Under the sea at Mint & Mustard

To celebrate the Jubilee season, award-winning Indian restaurant Mint and Mustard are enjoying a special seafood festival and I, with a handful of other bloggers, was invited along to test out some of the menu.

We started with a mixed plate of of Scallops Thengapal, Kekada Sirke (soft-shell crab), Steamed Salmon Cake and Chemmeen Porichathu (described as shrimp but instead a tiger prawn was served).  The scallops and soft-shell crab were some of my favourite dishes of the night - the scallop, served in its half shell with a delicate coconut and lemongrass sauce, was poached to perfection whilst the crab was the best I have ever tasted and lightly crisped.

The salmon cake looked equally delicate but beneath it's innocuous pink exterior it packed a hearty punch.  The prawn dish was meaty but didn't quite hit the flavour notes I was hoping for.

Next up was King Fish Steak Vattichathu - a firm, meaty fish reminiscent of tuna steak, it was served with a very hot chili pickle marinade.  A simple potato cake and green salad helped balance the dish and the mint dressing took the edge off the chili.

More followed in the form of Queens Silver Pomfret (Recreation of Royal treat on 17th October 1997, during the The Queen's visit to Kochi, Kerala where was served grilled Silver Pomfret by Chef Pramod), Karimeen Pollichathu (pearl-spot fish wrapped in a banana leaf), Nandu Masala (crab masala), Konju Manga Curry (tiger prawns) and Mixed Seafood Pachadi (cod, monk fish shrimp, squid and mussels) served with seafood rice and naan.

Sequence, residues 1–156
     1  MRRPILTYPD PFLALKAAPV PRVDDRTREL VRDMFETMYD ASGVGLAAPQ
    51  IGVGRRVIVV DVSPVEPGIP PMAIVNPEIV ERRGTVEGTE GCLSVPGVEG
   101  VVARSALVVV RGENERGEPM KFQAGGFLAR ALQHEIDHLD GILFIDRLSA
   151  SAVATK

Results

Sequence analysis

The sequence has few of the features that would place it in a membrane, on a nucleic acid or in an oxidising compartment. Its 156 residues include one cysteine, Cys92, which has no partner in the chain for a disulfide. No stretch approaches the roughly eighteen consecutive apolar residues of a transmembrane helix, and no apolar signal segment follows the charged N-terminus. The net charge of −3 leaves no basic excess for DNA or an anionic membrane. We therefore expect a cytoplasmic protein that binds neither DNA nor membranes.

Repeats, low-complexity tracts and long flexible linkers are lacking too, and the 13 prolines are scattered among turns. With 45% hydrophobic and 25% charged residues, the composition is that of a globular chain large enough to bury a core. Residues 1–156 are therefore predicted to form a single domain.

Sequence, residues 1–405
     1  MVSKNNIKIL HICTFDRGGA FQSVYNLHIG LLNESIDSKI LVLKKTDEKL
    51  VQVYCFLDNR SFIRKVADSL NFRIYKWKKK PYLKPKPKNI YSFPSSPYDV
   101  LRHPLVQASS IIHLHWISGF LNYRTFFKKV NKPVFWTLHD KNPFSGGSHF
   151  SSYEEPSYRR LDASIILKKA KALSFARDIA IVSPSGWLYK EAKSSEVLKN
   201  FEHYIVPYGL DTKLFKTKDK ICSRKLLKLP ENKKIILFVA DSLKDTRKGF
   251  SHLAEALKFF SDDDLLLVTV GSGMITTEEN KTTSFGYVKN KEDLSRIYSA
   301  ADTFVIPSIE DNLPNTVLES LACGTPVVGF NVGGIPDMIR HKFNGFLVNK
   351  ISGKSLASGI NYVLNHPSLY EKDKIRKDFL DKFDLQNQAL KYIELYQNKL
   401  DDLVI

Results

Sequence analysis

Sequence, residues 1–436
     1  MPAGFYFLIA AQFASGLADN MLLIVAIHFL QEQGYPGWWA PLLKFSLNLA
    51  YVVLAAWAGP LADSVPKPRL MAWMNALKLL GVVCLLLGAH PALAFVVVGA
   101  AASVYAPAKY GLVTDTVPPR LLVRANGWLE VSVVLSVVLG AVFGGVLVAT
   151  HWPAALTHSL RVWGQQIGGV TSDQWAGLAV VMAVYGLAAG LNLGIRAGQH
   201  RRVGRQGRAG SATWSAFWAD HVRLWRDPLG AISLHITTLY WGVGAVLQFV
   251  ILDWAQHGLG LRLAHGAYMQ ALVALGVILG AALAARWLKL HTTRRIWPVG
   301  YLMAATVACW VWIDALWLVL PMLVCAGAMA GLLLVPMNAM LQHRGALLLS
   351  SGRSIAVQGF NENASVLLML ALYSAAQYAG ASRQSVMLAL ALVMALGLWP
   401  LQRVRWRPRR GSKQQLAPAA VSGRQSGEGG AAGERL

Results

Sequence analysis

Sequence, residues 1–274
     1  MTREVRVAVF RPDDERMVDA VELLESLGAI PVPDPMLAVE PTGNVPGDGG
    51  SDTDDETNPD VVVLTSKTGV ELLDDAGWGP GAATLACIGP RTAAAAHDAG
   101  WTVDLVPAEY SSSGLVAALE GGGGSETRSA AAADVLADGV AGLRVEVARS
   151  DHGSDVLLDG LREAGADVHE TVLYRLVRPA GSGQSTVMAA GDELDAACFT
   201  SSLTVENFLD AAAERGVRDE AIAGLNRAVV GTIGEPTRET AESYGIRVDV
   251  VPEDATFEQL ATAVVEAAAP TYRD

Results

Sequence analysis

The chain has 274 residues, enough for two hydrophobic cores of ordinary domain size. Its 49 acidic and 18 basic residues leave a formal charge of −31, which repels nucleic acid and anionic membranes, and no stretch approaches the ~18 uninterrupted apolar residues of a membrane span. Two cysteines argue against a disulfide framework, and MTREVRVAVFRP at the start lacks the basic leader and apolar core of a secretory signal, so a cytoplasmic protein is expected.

These were less successful - the crab was overly salted and the fish in the curry and pachadi were overcooked leaving it all a bit chewy.  The karimeen pollichathu and pomfret were well received but lacked the wow factor that the king fish or scallops had from earlier courses.

Pudding was an experiment of flavours by chef in the form of a trio of ice creams. A pungent rose and vetiver was a vibrant pink but reminded me too much of floral soaps and beauty products.  The jack fruit was pleasant but not being familiar with it I can't say if it was a good example or not.  Finally a mint and mustard ice cream which was thoroughly vile and not too dissimilar to eating toothpaste and wasabi in one mouthful.

Mint and Mustard have established a new direction since original chef Anand George left to set up Purple Poppadom at the other end of town (any similarities to their new fish menu is of course coincidental, I'm sure) and many of the dishes were very good (or at least very nearly there with just a little bit of refinement). However if I never have to eat mint and mustard ice cream again it will be too soon.

Bloggers and guests were invited to test the new menu and as such the meal was complimentary.

Comments

Ted Shiress said…
So perhaps not quite what it used to be?
Perhaps but this was my first visit so I have no reference point
Anonymous said…
An honest and frank review. What a pity it was spoiled by implying that the menu may have been plagiarised. A very unpleasant thing to say and here's hoping you have your facts right.
Hello Anonymous (isn't it funny how these types of comments are always anonymous), thanks for describing my review as honest and frank. I feel you have taken a big leap however in deciding I've accused anyone of plagiarism when all I did was comment that two fine-dining Indian restaurants both launching special fish menus over the summer was one heck of a coincidence. The actual menus themselves are very different, as I'm sure you will see if you look at their websites.